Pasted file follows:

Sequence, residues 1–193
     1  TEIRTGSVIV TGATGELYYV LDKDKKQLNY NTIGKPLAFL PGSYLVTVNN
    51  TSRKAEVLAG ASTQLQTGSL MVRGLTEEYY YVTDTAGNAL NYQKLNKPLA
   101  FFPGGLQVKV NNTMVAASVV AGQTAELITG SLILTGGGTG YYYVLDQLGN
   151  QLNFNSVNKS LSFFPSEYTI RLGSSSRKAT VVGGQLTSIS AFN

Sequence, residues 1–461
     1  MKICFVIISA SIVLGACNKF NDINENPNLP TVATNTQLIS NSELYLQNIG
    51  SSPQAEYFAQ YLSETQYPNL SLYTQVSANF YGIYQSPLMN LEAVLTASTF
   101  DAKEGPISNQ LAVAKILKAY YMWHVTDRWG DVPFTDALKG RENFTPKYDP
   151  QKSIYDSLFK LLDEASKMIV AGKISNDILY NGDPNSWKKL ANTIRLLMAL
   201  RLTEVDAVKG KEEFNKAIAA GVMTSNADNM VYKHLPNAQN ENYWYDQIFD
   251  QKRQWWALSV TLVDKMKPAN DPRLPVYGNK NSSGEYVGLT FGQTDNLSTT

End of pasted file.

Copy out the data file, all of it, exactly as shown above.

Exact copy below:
Sequence, residues 1–193
     1  TEIRTGSVIV TGATGELYYV LDKDKKQLNY NTIGKPLAFL PGSYLVTVNN
    51  TSRKAEVLAG ASTQLQTGSL MVRGLTEEYY YVTDTAGNAL NYQKLNKPLA
   101  FFPGGLQVKV NNTMVAASVV AGQTAELITG SLILTGGGTG YYYVLDQLGN
   151  QLNFNSVNKS LSFFPSEYTI RLGSSSRKAT VVGGQLTSIS AFN

Sequence, residues 1–461
     1  MKICFVIISA SIVLGACNKF NDINENPNLP TVATNTQLIS NSELYLQNIG
    51  SSPQAEYFAQ YLSETQYPNL SLYTQVSANF YGIYQSPLMN LEAVLTASTF
   101  DAKEGPISNQ LAVAKILKAY YMWHVTDRWG DVPFTDALKG RENFTPKYDP
   151  QKSIYDSLFK LLDEASKMIV AGKISNDILY NGDPNSWKKL ANTIRLLMAL
   201  RLTEVDAVKG KEEFNKAIAA GVMTSNADNM VYKHLPNAQN ENYWYDQIFD
   251  QKRQWWALSV TLVDKMKPAN DPRLPVYGNK NSSGEYVGLT FGQTDNLSTT